Open Source Under Attack

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Sonatypes annual research “2020 State of the software supply chain” uncovers many great insights into the open-source world. Open source is such a massive part of modern development that the headline stat of 430% increase year on year of attacks targeting open-source projects should be a wake-up call for all developers.

The study reports that 90% of components in an application are open source. Developers are under constant pressure to build and deploy faster, which means the dependency on open source libraries and components is here to stay. The open-source components are so deeply hooked into most products that it is hard to imagine significant scale development without some form of open-source dependency.

The dependency on open source extends to firms of all sizes. The study looked at 15,000 enterprise development organizations, which had an average of 373,000 open source component downloads annually. Further analysis showed that 8.3% of the open-source downloads contained at least one known security vulnerability. The numbers are significant, and the takeaway is obvious. We rely on open-source, but it carries significant risk.

How do you best protect yourself against open source vulnerabilities?

Cataloging the open-source code you use and looking out for vulnerabilities is a timely task. Unlike commercial software with prompts and auto-updates, manually patching for vulnerabilities can be very time-consuming. Sites like the National Vulnerability Database are good to bookmark for staying updated with the latest vulnerabilities and notifications. Be aware, though, that disclosure can take time and is likely too late to make effective remediation. Software composition analysis (SCA) tools exist for looking at open source databases and potential vulnerabilities. A quick search will show you lots of great options out there.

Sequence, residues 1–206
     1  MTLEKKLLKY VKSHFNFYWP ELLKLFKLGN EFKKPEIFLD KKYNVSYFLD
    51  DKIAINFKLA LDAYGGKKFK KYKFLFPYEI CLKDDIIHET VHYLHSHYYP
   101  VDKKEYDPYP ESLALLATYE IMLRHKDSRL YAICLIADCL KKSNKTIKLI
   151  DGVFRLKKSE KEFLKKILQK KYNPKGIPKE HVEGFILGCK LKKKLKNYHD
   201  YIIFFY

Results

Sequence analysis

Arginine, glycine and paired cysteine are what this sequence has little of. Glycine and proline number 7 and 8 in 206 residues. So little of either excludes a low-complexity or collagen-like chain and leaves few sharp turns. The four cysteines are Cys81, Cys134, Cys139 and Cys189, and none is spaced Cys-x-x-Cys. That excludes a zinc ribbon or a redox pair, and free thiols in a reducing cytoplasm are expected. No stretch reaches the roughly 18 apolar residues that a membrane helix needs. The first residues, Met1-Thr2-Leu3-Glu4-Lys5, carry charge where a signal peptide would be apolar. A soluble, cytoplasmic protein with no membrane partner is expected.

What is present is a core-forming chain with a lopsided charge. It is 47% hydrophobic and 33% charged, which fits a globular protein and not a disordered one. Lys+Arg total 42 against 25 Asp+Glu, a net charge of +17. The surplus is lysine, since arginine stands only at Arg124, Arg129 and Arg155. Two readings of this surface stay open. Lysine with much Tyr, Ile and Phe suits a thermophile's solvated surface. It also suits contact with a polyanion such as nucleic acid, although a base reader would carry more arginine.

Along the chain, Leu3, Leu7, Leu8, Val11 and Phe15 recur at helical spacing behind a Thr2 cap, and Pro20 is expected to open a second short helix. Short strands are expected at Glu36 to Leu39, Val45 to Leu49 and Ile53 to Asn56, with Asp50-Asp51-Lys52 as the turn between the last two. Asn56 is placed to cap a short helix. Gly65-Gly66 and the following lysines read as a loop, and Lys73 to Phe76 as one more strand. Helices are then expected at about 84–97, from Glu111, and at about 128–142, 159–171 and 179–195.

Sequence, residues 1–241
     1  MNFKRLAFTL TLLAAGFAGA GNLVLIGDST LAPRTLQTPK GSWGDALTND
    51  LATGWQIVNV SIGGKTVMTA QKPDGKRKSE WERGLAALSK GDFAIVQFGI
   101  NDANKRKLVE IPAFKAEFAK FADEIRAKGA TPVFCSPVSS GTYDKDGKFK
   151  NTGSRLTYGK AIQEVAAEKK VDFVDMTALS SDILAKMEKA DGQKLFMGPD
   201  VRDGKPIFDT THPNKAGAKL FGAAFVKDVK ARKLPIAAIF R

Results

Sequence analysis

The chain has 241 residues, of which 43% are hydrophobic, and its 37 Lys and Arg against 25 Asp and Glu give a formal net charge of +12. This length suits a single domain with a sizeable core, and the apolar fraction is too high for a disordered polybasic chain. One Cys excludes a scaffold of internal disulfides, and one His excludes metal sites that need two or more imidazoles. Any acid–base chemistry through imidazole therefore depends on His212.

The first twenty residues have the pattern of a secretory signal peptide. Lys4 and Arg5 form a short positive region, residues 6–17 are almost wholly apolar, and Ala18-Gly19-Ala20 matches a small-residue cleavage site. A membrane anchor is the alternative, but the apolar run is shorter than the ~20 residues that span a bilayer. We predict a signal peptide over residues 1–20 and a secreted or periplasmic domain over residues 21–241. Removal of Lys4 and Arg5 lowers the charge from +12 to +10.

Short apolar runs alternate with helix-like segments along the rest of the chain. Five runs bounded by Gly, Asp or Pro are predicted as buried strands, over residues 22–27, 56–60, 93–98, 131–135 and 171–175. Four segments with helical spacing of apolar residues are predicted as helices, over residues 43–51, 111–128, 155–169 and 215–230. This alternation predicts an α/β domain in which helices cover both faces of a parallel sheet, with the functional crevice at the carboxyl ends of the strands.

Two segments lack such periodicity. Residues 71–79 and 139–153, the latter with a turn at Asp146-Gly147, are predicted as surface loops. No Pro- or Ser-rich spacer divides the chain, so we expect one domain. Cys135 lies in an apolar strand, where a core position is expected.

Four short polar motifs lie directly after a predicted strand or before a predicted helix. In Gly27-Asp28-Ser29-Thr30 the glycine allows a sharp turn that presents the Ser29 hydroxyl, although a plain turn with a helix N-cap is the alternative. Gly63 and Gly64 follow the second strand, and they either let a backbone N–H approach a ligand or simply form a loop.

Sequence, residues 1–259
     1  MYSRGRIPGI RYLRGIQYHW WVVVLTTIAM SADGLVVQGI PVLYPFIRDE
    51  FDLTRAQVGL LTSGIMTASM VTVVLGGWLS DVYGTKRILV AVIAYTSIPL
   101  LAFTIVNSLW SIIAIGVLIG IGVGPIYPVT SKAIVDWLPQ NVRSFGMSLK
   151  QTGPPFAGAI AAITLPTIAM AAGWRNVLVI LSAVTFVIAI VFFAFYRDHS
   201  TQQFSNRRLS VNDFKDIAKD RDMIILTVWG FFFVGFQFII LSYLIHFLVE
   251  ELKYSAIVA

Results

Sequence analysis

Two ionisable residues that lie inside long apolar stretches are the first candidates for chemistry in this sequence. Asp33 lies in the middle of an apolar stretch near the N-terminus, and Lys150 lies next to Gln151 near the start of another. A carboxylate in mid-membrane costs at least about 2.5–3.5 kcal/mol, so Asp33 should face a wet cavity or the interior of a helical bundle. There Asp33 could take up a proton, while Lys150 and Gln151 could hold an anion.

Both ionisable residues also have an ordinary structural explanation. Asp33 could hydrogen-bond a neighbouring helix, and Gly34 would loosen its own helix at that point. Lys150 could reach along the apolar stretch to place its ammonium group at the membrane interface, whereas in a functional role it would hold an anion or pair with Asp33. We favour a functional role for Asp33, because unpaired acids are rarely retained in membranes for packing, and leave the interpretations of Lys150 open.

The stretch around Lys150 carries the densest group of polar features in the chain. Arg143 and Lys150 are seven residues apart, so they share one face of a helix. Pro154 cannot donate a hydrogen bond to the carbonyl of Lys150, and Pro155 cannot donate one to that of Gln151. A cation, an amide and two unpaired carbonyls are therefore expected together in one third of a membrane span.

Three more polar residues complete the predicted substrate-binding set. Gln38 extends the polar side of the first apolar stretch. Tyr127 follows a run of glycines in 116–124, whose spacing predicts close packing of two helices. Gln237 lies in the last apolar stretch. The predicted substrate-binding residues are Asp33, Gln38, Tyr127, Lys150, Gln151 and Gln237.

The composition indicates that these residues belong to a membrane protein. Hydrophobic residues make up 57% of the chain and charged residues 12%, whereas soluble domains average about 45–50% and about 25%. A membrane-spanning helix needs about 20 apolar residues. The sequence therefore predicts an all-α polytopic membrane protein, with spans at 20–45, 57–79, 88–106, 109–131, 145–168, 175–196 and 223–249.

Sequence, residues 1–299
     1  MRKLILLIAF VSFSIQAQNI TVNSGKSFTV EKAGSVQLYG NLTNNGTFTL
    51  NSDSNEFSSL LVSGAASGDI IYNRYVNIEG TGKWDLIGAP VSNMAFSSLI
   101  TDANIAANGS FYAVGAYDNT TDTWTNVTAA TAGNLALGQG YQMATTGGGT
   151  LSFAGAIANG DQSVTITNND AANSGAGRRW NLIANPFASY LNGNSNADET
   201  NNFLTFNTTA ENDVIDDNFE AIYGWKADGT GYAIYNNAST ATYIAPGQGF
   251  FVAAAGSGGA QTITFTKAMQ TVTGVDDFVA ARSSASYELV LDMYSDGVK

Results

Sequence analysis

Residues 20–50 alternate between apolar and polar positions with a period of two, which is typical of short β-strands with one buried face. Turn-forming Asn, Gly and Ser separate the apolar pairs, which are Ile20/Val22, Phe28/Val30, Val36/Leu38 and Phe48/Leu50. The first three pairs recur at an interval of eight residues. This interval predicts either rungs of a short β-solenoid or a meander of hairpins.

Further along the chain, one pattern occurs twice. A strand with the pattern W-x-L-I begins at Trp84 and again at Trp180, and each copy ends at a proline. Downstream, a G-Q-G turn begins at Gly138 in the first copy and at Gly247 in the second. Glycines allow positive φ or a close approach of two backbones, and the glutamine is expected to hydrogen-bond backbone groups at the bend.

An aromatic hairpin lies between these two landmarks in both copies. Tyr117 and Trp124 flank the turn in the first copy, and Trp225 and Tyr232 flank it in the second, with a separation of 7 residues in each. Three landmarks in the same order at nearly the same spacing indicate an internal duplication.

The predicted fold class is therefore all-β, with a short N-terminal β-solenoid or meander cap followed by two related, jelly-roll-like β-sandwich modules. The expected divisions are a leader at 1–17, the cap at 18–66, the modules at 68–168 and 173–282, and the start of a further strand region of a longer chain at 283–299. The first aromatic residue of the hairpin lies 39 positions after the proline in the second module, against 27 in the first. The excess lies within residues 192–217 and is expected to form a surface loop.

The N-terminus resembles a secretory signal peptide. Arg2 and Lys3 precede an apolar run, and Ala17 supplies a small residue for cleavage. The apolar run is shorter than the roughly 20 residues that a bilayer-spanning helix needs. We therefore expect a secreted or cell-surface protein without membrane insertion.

The open-source security foundation (OSSF) has been recently founded to reduce the time between vulnerability findings and remediation to minutes, not months. Industry leaders like Google & Microsoft are key members, and initiatives are already in the works for providing security tooling, training, best practice, and more. You can see the latest from the OSSF on GitHub.

Open Source Security Foundation Logo

The OpenSSL aims to increase the overall security of open-source software.


Where does dynamic application security testing (DAST) and, more specifically, Crashtest Security fit in? Naturally, we feel regular vulnerability scanning is key to securing your web application. Using a black-box approach, we scan your application, in the same manner, an attacker would. That means we will detect vulnerabilities regardless of the origin of the code, open-source or otherwise. Your DevOps team will regularly utilize a DAST and an SCA tool for a holistic security strategy in an ideal world.

If you are interested in seeing what Crashtest Security can find within your web applications, then the good news, is we have a free 14-day trial! So register here and get scanning within minutes.